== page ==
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Anne Carson With Dancers
Anne Carson: "Stacks" and "Bracko"
New York University Skirball Center for the Performing Arts
566 LaGuardia Place at Washington Square South, Greenwich Village
December 4, 2008 (one night only)
Reviewed by Jack Anderson
Anne Carson is an unusual poet. She's highly learned; in fact, a Classicist. But her imagination can take surprising freewheeling leaps, and both erudition and eccentricity were evident in this collaboration involving dance and sculpture.
For "Stacks," Peter Cole, a sculptor, filled with stage with various boxes variously stacked. Carson's poem consisted of lists (verbal stacks): for instance, at the start, a list of lunar seas. But, given the strange names of those seas, this list made "Stacks" immediately peculiar. Then came such lists as "thunderstorm stacks," "smoke stacks," and real-estate properties on the moon, as well as lists suggesting that Carson is obsessed by that wicked biblical character, Jezebel.
While Carson recited the lists, Adam Weinert, Silas Riener, Andrea Weber, and Catherine Miller appeared to scribble invisible words on the back wall, shifted the boxes, and kept rearranging themselves in choreography by Jonah Bokaer. "Stacks" celebrated organization. But just as the word lists sometimes seemed both logical and nutty, the ordered actions could look inexplicable. Organization is not always comprehensible.
The equally peculiar "Bracko" derived its title from combining the words "brackets" and "Sappho," and its text came from Carson's translations of the extant works of that great ancient Greek poet. Yet not much of Sappho actually survives. What remains are fragments, which some translators turn into jewel-like poems that seem to prefigure such 20th-century Imagists as Amy Lowell, H.D., and the early Ezra Pound. The versions of Mary Barnard (my own introductions to Sappho) are often lovely. But because they make each fragment sound like a complete work, they give a misleading impression of what Sappho actually left us.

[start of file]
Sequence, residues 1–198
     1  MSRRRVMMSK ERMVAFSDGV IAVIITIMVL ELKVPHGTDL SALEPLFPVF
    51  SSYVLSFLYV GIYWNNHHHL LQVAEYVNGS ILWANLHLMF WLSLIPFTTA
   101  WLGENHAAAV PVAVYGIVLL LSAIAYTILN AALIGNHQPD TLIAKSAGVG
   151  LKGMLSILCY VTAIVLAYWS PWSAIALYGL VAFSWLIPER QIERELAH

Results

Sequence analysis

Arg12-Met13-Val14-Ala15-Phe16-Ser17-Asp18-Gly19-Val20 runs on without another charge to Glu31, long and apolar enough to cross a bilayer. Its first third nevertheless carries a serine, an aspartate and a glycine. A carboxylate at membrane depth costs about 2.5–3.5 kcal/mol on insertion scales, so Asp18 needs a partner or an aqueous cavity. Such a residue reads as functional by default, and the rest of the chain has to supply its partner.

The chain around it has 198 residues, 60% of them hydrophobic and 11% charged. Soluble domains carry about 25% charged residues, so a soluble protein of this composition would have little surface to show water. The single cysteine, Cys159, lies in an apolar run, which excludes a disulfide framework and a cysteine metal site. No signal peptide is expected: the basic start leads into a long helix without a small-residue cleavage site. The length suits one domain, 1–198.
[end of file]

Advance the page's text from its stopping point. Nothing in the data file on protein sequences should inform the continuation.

Carson translates everything, even manuscripts with only a few disconnected words, indicating manuscript gaps with brackets (hence her title's allusion to them). And she and three other readers (Robert Currie, Elizabeth Streb, and Penelope Thomas) read absolutely everything, not only fragments that might constitute little independent poems, but also disconnected words and scholarly notes on the poems, and when Carson employed a bracket in her text, a reader announced, "Bracket." This turned what we heard into both coherent and incoherent stacks of verbal pebbles.
Rashaun Mitchell choreographed a duet to this material in which he and Marcie Munnerlyn were connected by ropes they sometimes loosened and retied, and from which they broke free to let their arms entwine until, after embracing, they fell on different sides of the stage as the readers fell silent.
These dances to poetry could be taken as meditations on the powers, limitations, and oddities of human reasoning. "Stacks" ordered words and bodies, yet the categories often seemed weird. "Bracko" suggested the fragmentation of all knowledge. Just as Sappho's texts and the incidents in Mitchell's dance are fragments, so, too, memory, history, and life itself are also fragmentary.
The readers recited quietly, perhaps too quietly. Some friends of mine said they occasionally had trouble concentrating on words and movements simultaneously. Yet Carson might have wished wisps of verbal haze to remind us that even as we try to arrange them into stacks, human experiences can remain fragmentary and mysterious.
In addition to being co-presented by the Skirball Center, the evening was co-sponsored by the Academy of American Poets, the Poetry Society of America, and the 92nd Street Y Unterberg Poetry Center. It was a worthy collaboration.
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